# 2.5: How to Compare/Contrast Security Definitions

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In math, a definition can’t really be "wrong" but it can be "not as useful as you hoped" or it can "fail to adequately capture your intuition" about the concept.

Security definitions are no different. In this chapter we introduced two security definitions: one in the "real-vs-random" style and one in the "left-vs-right" style. In this section we treat the security definitions themselves as objects worth studying. Are both of these security definitions "the same", in some sense? Do they both capture all of our intuitions about security?

## One Security Definition Implies Another

One way to compare/contrast two security definitions is to prove that one implies the other. In other words, if an encryption scheme satisfies definition #1, then it also satisfies definition #2.

If an encryption scheme \(\sum\) has one-time uniform ciphertexts (Definition 2.5), then \(\sum\) also has one-time secrecy (Definition 2.6). In other words: \[\mathcal{L}_{\text {ots\$-real }}^{\Sigma} \equiv \mathcal{L}_{\text {ots\$-rand }}^{\Sigma} \Longrightarrow \mathcal{L}_{\text {ots-L }}^{\Sigma} \equiv \mathcal{L}_{\text {ots-R }}^{\Sigma}\]

If you are comfortable with what all the terminology means, then the meaning of this statement is quite simple and unsurprising. "If all plaintexts \(m\) induce a uniform distribution of ciphertexts, then all \(m\) induce the same distribution of ciphertexts."

This fairly straight-forward statement can be proven formally, giving us another example of the hybrid proof technique:

**Proof**

We are proving an if-then statement. We want to show that the "then"-part of the statement is true; that is, \(\mathcal{L}_{\text {ots-L }}^{\Sigma} \equiv \mathcal{L}_{\text {ots-R" }}^{\Sigma}\).We are allowed to use the fact that the "if"-part is true; that is, \(\mathcal{L}_{\text {ots\$-real }}^{\Sigma} \equiv \mathcal{L}_{\text {ots\$-rand }}^{\Sigma}\)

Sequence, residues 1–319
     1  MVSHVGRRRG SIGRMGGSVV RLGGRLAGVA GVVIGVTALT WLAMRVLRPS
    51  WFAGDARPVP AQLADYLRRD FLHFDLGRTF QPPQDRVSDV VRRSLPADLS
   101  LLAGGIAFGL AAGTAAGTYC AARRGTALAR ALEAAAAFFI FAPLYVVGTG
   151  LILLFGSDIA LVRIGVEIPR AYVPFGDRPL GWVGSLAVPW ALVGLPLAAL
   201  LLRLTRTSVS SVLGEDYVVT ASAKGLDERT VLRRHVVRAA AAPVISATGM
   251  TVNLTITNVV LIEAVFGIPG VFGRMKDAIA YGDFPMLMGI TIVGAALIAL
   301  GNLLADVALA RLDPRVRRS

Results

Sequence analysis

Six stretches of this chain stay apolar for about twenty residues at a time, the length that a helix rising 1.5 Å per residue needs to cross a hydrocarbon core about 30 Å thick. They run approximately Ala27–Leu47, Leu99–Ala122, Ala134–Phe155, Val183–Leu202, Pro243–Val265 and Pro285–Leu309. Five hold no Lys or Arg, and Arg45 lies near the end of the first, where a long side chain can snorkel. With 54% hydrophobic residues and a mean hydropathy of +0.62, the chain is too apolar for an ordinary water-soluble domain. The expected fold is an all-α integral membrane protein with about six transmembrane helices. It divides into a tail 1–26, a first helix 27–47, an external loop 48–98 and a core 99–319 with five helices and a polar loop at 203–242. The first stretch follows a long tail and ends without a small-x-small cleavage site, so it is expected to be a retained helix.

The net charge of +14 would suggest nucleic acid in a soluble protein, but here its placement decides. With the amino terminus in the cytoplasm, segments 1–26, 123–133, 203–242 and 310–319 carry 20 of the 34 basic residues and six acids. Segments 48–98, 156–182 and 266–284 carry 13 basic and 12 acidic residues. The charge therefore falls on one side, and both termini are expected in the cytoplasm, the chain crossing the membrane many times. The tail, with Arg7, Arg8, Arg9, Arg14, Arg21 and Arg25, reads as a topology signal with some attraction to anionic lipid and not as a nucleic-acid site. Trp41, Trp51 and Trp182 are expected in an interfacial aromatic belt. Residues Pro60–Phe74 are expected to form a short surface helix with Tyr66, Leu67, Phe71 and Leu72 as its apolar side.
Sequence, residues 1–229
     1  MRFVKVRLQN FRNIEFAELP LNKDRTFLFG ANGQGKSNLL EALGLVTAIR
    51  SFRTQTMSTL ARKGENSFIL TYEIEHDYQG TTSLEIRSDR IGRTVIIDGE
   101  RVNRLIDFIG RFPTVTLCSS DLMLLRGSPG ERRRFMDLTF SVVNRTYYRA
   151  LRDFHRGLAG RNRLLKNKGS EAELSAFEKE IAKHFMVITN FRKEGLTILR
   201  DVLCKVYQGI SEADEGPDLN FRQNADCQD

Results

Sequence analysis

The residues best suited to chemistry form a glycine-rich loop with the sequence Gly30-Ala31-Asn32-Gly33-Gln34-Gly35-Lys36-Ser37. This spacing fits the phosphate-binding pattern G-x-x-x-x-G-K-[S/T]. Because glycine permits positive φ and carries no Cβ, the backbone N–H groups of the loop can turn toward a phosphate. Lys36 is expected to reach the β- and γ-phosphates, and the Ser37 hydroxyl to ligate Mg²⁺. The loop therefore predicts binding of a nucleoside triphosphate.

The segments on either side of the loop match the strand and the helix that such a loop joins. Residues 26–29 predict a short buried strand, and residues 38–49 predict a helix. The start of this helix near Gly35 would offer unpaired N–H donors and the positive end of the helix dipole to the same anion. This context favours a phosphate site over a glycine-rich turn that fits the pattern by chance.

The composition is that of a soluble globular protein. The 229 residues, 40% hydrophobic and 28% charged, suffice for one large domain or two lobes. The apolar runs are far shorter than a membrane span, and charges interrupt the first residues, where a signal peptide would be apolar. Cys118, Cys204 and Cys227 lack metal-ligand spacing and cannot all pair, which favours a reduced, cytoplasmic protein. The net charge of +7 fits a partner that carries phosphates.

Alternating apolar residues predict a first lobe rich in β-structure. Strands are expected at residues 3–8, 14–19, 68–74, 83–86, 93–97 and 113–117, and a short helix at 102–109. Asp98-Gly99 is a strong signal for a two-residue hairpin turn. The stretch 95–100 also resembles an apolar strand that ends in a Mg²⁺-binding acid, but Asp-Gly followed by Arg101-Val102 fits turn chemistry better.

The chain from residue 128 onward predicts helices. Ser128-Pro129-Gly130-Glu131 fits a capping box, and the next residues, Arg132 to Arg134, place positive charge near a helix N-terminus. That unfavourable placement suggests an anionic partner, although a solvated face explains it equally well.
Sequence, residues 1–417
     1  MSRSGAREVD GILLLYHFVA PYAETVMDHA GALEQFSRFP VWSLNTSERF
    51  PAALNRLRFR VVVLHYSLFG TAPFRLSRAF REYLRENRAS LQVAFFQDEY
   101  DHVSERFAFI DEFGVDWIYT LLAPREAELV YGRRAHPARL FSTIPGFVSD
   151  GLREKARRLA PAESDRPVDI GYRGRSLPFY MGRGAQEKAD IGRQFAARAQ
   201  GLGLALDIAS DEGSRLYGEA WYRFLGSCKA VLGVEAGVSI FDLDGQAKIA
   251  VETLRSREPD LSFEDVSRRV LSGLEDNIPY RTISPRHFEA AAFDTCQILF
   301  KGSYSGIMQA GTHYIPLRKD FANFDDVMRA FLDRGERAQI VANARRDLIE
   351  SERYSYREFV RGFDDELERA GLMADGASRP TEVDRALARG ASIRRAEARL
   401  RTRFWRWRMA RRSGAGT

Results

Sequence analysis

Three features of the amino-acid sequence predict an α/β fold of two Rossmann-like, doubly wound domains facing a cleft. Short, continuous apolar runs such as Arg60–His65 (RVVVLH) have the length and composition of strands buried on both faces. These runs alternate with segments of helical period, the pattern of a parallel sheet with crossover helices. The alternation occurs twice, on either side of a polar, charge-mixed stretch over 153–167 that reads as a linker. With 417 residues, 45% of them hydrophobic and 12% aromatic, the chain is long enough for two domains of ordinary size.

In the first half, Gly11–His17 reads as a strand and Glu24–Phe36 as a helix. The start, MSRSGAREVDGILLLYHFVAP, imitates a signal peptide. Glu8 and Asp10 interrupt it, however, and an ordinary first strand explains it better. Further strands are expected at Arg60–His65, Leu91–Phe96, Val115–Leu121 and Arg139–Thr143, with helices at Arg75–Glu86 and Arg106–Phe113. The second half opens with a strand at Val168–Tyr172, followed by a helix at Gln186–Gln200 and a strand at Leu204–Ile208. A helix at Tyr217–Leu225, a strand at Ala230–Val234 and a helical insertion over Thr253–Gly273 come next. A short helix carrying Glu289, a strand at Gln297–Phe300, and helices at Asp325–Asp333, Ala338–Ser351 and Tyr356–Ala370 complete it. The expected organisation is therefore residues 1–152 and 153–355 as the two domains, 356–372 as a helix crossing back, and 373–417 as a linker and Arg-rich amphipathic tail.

The proof uses the hybrid technique. We will start with the library \(\mathcal{L}_{\text {ots-L, }}\) and make a small sequence of justifiable changes to it, until finally reaching \(\mathcal{L}_{\text {ots-R. Along the way, we }}\) can use the fact that \(\mathcal{L}_{\text {ots\$-real }} \equiv \mathcal{L}_{\text {ots\$-rand. This suggests some "strategy" for the proof: if }}\) we can somehow get \(\mathcal{L}_{\text {ots\$-real }}\) to appear as a component in one of the hybrid libraries, then we can replace it with \(\mathcal{L}_{\text {ots\$-rand }}\) (or vice-versa), in a way that hopefully makes progress towards our goal of transforming \(\mathcal{L}_{\text {ots-L }}\) to \(\mathcal{L}_{\text {ots-R. }}\)

Below we list the sequence of hybrid libraries, and justify why each one is interchangeable with the previous library.

The starting point of our hybrid sequence is \(\mathcal{L}_{\text {ots-L }}^{\Sigma}\) | |

Factoring out a block of statements into a subroutine makes it possible to write the library as a compound one, but does not affect its external behavior. Note that the new subroutine is exactly the \(\mathcal{L}_{\text {ots\$-real }}^{\Sigma}\) library from Definition 2.5. This was a strategic choice, because of what happens next. | |

\(\mathcal{L}_{\text {ots\$-real }}^{\Sigma}\) has been replaced with \(\mathcal{L}_{\text {ots\$-rand }}\) Lemma \(2.11\) says that this change has no effect on the library’s behavior, since the two \(\mathcal{L}_{\text {ots\$- } \star}\) libraries are interchangeable. | |

The argument to стхт has been changed from \(m_{L}\) to \(m_{R}\). This has no effect on the library’s behavior since стхт does not actually use its argument in these hybrids! |